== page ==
[jboss-user] [JBoss Seam] - Re: Tutorial Feedback

dbatcn do-not-reply at jboss.com
Tue Jul 25 20:28:59 EDT 2006

As somebody who is also working with Seam without having previously used JSF/EJB3, I have another observation: I am only very slowly perceiving the boundaries of what's done by Seam vs. Facelets vs. JSF vs. Persistence API vs. EJB3, as well as conversations and a slightly different EL.  Sometimes it takes a bit of sleuthing to figure out which piece(s) (if any) provides desired functionality. It's even a bit more difficult since so many things seem to happen by "magic" because 1. there is so much going on behind the scenes, 2. it's taking a little while to get used to the annotations, and 3. sometimes there are conflicting bits of documentation (e.g. meaning of "$" and "#" in EL).  I am a fan of declarative programming and DRY though and do think that it's very cool that a lot of functionality is getting implemented with relatively little code to maintain.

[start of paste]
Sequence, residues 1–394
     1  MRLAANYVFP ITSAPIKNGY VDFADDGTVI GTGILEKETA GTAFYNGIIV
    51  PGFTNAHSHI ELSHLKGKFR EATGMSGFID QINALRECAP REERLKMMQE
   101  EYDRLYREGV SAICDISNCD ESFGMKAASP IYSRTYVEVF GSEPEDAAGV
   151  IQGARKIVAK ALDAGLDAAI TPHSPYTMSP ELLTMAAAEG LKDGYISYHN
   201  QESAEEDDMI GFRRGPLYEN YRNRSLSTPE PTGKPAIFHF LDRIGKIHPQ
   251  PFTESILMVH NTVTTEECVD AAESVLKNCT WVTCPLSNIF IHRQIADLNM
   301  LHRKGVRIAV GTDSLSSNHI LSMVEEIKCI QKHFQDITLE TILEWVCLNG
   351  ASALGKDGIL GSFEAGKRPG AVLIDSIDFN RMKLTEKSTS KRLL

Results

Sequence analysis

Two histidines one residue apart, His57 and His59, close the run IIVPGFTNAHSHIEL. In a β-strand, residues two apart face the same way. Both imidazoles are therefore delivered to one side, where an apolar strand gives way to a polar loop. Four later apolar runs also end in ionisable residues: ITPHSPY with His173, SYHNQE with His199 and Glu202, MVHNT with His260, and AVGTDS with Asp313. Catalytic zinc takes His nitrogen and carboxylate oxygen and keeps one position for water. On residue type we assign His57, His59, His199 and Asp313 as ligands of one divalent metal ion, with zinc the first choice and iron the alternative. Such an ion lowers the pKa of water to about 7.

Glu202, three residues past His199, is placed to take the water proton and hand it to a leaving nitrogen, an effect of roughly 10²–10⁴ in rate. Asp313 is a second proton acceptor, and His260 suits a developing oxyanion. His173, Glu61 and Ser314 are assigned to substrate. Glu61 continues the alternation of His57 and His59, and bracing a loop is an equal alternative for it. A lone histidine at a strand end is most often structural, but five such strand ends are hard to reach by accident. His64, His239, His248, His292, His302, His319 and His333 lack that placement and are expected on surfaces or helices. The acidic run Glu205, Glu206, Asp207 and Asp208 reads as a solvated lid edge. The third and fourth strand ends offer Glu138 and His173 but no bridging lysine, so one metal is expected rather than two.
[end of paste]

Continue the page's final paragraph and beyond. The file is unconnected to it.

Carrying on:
I can see that some of the problem comes from the fact that Seam can work with many different stacks of packages and that that is in fact a _good_ thing.  I've picked JSF, facelets, and EJB3 for my new project based largely on the recommendations I've seen from Gavin.

Before I started any coding, I did go through pretty much the complete O'Reilly EBJ3 book by Bill Burke (ISBN 0-596-00978-X, and no, I don't have a financial interest in it) and that has helped a great deal. I keep the Seam reference up in Acrobat constantly.  I am also googling a lot.

I do know that these manuals are a pain in the *** to write and am very grateful that a lot of serious work has obviously gone into it.  I suppose that the answer that I just need to become more familiar with all the various technologies may well be legitimate.  I'm sorry that I don't have a constructive alternative but perhaps people who are more immersed in these technologies might see a way to make it clearer to newbies.  I expect that the real answer is that when various JSRs are finally adopted, there will be an accepted standard Java EE way of doing this and that this is just the price of using stuff on the bleeding edge. Sigh.

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